1. If you’re building a service business, the majority of your clients will expect you to go above and beyond for them, while doing the absolute bare minimum for you.
  2. Nobody pays on time. And the first time you learn that lesson, it’s not going to feel great.
  3. Firing people is the worst part of the job, by far.
  4. Every single employee you hire is going to want things nobody prepared you to give them, like a career trajectory.
  5. Once you’ve built a six-figure business, you realize how unimpressive it actually is (and you start to cringe at solopreneurs who start running Facebook ads talking about selling courses on how to build a six-figure company).
  6. Once you’ve built a seven-figure business, you also realize how unimpressive that is as well. The really impressive companies are the ones 8 figures and above, and that’s humbling to learn first-hand.
  7. When people say “nothing beats the highs of entrepreneurship, and nothing is scarier than the lows,” they’re telling you the truth. Unfortunately, you won’t have any idea how to fathom what those feelings actually feel like until you’re A) wide awake at 1:00 a.m. because some massive opportunity just came together and you’re wired out of your mind, or B) you’re lowering yourself into a hot bath at 3:42 p.m. on a Friday in an attempt to relax and get yourself to stop feeling like the walls are caving in.
  8. Even when you become profitable, you’re still in “startup mode.” Nothing is guaranteed. Ever.
  9. The amount of time you will spend in front of your computer will make you crave time away from any and all screens as much as possible.
  10. For the first year, year and a half or so, expect to sleep less, eat worse, go to the gym less, and barely touch your hobbies. Whatever semblance of work-life balance you think you’re going to be able to maintain that first year and a half of building a startup, you’re wrong. That said, you should still fight and try vehemently to get back to a place of balance as quickly as possible, because these are unsustainable habits.
  11. You will start to understand why 99% of people have no interest in becoming entrepreneurs and would rather just work a job they enjoy.
  12. You will learn the stark difference between a $30,000 hire, a $60,000 hire, and a $90,000+ hire.
  13. You will have weird, really weird dreams about your business and some problem your subconscious is wrestling with.
  14. Your circle of friends will be entrepreneurs and founders themselves, since they’re the only people who truly know what it is you’re feeling and going through on a daily basis.
  15. People in your life, even people you truly care about and are close to you, will have very little patience for your “problems.” They’ll see the aspects of entrepreneurship everybody talks about: freedom, being your own boss, etc. What they won’t see, and simply can’t see, are all the other challenges that come with those select freedoms.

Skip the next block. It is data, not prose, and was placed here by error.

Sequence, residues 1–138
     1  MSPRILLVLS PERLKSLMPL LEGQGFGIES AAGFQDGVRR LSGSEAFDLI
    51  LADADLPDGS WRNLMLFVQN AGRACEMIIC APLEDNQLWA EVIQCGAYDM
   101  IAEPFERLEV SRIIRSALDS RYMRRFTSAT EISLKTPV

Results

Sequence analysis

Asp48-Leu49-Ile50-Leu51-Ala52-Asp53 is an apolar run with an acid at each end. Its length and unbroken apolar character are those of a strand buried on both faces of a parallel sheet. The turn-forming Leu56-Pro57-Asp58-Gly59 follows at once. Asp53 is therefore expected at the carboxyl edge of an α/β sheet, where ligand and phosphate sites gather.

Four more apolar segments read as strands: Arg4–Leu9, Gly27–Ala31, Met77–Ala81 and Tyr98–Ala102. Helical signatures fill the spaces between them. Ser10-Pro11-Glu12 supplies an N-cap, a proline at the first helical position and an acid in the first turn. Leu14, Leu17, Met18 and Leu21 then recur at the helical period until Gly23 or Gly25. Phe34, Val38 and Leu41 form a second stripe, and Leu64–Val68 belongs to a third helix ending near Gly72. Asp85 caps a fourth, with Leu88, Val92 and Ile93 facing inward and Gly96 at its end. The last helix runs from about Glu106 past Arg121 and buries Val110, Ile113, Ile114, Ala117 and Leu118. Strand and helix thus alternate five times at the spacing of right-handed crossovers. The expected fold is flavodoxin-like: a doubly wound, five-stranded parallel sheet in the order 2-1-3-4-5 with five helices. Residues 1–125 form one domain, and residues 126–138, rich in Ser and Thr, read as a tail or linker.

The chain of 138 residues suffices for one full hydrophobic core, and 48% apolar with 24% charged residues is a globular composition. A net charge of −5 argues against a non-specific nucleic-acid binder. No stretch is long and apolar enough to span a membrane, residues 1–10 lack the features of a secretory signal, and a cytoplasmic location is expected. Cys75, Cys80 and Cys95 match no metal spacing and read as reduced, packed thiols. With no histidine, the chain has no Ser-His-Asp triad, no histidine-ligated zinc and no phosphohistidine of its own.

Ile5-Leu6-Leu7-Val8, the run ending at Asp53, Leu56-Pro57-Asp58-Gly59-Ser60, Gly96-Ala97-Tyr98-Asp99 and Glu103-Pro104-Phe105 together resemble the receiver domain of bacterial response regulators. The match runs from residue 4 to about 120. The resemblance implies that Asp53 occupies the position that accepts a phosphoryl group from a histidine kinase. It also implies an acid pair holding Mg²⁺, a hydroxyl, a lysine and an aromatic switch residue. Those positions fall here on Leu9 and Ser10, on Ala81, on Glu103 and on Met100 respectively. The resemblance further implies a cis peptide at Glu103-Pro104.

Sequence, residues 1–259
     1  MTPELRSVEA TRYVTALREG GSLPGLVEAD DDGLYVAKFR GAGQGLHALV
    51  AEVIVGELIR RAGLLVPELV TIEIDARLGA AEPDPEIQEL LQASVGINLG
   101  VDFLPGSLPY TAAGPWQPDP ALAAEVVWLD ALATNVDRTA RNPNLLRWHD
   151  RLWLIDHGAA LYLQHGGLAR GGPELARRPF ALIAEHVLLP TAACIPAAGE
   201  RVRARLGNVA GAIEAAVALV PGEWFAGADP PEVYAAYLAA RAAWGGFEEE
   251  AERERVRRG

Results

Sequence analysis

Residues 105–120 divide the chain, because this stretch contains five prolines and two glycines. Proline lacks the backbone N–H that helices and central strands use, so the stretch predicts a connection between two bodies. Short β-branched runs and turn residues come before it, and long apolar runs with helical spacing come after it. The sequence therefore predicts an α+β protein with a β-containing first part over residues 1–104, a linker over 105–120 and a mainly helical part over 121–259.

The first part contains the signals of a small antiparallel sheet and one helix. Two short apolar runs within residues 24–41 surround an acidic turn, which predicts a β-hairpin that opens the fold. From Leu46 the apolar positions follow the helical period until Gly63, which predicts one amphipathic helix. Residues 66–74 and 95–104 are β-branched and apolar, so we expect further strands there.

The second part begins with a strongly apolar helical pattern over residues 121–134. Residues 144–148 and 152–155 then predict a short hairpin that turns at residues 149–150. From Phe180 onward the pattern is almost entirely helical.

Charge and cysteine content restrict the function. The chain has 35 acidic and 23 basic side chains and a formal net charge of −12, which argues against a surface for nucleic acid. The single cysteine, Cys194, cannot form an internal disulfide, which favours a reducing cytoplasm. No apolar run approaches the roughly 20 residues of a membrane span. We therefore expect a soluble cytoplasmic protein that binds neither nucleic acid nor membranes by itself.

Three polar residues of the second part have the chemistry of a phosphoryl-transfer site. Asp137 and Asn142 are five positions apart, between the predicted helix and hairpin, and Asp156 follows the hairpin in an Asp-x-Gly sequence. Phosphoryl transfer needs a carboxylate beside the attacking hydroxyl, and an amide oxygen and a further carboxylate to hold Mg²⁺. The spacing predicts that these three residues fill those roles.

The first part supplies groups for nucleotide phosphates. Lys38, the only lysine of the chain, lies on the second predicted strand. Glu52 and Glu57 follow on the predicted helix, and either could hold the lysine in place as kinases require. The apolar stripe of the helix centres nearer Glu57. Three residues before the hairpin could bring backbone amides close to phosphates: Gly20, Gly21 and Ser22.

16. A “growth over everything” mindset can be exceedingly destructive for startups. Yes, there is such a thing as growing too quickly.
  17. Cash is king, and the moment your monthly payroll exceeds 2 months of runway in your bank account, you’re toeing a dangerous line—and your strategy needs to be to stack cash as quickly and efficiently as possible.
  18. “If you can’t measure it, don’t do it.” My mentor gave me that one years ago, and even though I had thought I’d understood its significance, this was a lesson I really only internalized very recently. I’ll say it again: “If you can’t measure it, don’t do it.”
  19. People don’t buy processes. They don’t buy ideas, or approaches, or plans. People buy results. That’s it.
  20. Do not underestimate the value of a manager. A manager can make or break your growing organization. A manager can mean the difference between you, the founder, working “in” the business or working “on” the business. Managers are how you scale, and how you pass off responsibility so that you can continue focusing on bigger and bigger items. Without managers, you will end up becoming an employee within your own company.
  21. Ideas are the easy part. It’s the execution of those ideas that separate decent companies from great ones.
  22. Competition is a good thing. If you have a competitor, or a handful of competitors, you can save yourself a lot of learning time by watching them closely—especially if they’ve been around a lot longer than you. Chances are, they probably learned their lessons the hard way, and there’s a reason why they do what they do, the way they do it. Use that to your advantage.
  23. As a company, it’s better to be magnificent at one thing than haphazard at 12 things.
  24. Raising money is overrated—and until you’re experienced enough as an entrepreneur, you honestly won’t even know what to do with it once you have it.
  25. When you’re neck-deep in the startup grind, you will completely lose all sense of time and space. No joke, there have been days where certain enterpreneurer checked his calendar to see what year it was.
  26. I know I’m biased when I say this, but I wouldn’t be preaching it if I didn’t believe in it so wholeheartedly: building your personal brand as the founder is one of the single most effective things you can do for your entire company. My personal brand as a writer online is how I’ve opened every single major door on my entrepreneurship path thus far: getting to attend exclusive events, bringing on Silicon Valley advisors, speaking opportunities, client introductions and inbound leads, the list goes on and on. Do not, I repeat, DO NOT, underestimate the power of putting yourself out there as the face of your company.
  27. All that said, starting a company is a lot like how I imagine it feels to start a family. And for all its ups and downs, it’s one of the most rewarding things you could possibly experience in life.
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